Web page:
Over the last several weeks, we’ve seen how struggling readers are interested in learning the content presented in texts. They may also understand why teachers want them to apply comprehension strategies when reading, as well as to recognize how seeking additional help from their teachers and peers could help them learn more. However, it appears that struggling readers may refuse to engage with texts and reading instruction if they believe that doing so would compromise the identity that they are trying to protect or promote. Such decisions do not signify that struggling readers are unmotivated or do not want to learn. However, their decisions suggest that struggling readers may place a higher priority on how they are seen as readers than on learning from texts.
So, what do we do about this? First, I suggest keeping in mind that struggling readers’ decisions with texts may not always be caused by a lack of motivation. Sarah, Nicole, and Alisa all showed interest in reading, learning, and succeeding in school. Their efforts to learn from text were not always as successful as they would have liked. However, to classify them as uncaring, unmotivated, or unwilling to learn does not seem fair to the students or capture the depth of their situation.
Second, struggling readers may want to improve their reading abilities and learn the curriculum. However, they may determine that the identity they are trying to promote clashes with the behaviors that teachers want them to engage in when reading text. Students like Sarah may believe that they have to continue their inability to learn the content for which they express an interest in learning rather than risk exposing themselves as poor readers to their peers. For example, when forced to choose between asking for help with text and exposing her perceived “true” identity, Sarah always opted for the latter.
Third, struggling readers may try to find ways to learn content that remain unrecognized by teachers. Alisa, for example, tried to pay attention to the work that others around her were doing during labs in an effort to learn science content. Although she often received failing grades in her science class, Alisa did not view herself as a failure. Instead, she recognized herself as a somewhat successful student who managed to learn at least some of the content despite her regular struggles to comprehend text. On the surface, however, Alisa’s actions would likely not suggest to teachers that she was motivated to learn.
Finally, Nicole’s case suggests that not all actions of middle school students are contingent on what their peers or teachers think of them. For Nicole, her actions in school helped promote her identity at home. She said that she would speak to others about text only if she had to and if not doing so would prevent her from accomplishing her goal. Unlike Sarah and Alisa, Nicole did not perceive interactions with her teachers and peers as a potential threat for uncovering her weaknesses. Instead, she seemed to view such interactions as being obstacles that could prevent her from promoting an identity at home.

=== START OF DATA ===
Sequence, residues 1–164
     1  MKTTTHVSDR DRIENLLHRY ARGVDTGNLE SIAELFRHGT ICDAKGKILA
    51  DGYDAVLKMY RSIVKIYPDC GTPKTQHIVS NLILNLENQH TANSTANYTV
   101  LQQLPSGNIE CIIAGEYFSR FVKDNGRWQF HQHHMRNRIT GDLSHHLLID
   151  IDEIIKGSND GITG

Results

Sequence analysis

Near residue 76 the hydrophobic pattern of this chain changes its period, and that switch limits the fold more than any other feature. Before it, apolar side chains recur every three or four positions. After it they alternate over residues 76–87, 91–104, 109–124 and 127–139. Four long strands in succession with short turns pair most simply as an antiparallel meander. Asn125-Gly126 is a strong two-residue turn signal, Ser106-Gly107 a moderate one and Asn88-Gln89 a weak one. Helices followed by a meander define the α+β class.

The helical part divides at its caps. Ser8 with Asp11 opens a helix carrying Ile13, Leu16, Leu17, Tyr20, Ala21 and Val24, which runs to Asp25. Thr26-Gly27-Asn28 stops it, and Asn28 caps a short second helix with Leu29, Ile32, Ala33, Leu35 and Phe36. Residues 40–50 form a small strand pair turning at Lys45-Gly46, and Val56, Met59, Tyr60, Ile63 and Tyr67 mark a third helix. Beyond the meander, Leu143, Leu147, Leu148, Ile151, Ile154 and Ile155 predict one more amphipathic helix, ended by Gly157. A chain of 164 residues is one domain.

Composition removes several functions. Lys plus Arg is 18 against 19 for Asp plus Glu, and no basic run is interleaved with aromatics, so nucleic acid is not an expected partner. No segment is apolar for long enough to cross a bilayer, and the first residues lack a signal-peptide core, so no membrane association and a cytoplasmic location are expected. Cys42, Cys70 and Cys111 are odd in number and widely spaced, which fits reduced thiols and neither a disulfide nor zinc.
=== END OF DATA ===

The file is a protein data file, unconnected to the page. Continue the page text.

Even though each student had her own unique ways of responding to text, they all used silence to protect or promote an identity and to learn at least some of the content. Their commonalities suggest that struggling readers may use silence as a tool to obtain one or more goals that are important to them.
Understanding the identity that a struggling reader is trying to promote can allow teachers to clarify actions that they observe in the classroom. Knowing whether a student is trying to promote a specific identity in or out of the classroom can help teachers (a) become more responsive and (b) better understand why a student may not be reading or asking for help with text. Teachers can use several approaches to better understand students’ action with text.
First, talk with students about the actions you observe in the classroom. If students do not seem to be participating in conversations about text, rarely ask questions, or do not appear to be reading, it is critical to ask why they are not involved. Asking students to explain their rationales can provide insight into their motivations and goals. Through such discussions, you can help them think about ways in which they might engage in new behaviors with text without fearing that they will be viewed in an unfavorable way. Talk with students and negotiate new behaviors that they might undertake.
Second, students who are trying to protect or encourage a particular identity may construct their own ways to learn from text. Such actions may not always be successful or may not match what you want students to do. Talk with students about how they are trying to learn from text and recognize that, to some extent, the students’ methods may have helped them learn something. When helping students apply new behaviors to text, consider how students can continue to use previous behaviors with which they are comfortable.
Recognizing that the choices struggling readers make with text may not be linked solely to their cognitive abilities can also help you perceive the students differently. For example, although Sarah, Alisa, and Nicole were quiet in their classrooms, their silence did not mean that they were uninterested, unmotivated, or unwilling to learn from text. Instead, their silence demonstrated a willingness and a drive to learn whatever small amount of information could be attained while protecting their dignity as a student and as a reader. Struggling readers may want to learn from text, but their desire to be perceived or not be perceived in a certain way may take precedence. Recognize their difficulties, recognize what they wish to achieve, and work with them to help them do it.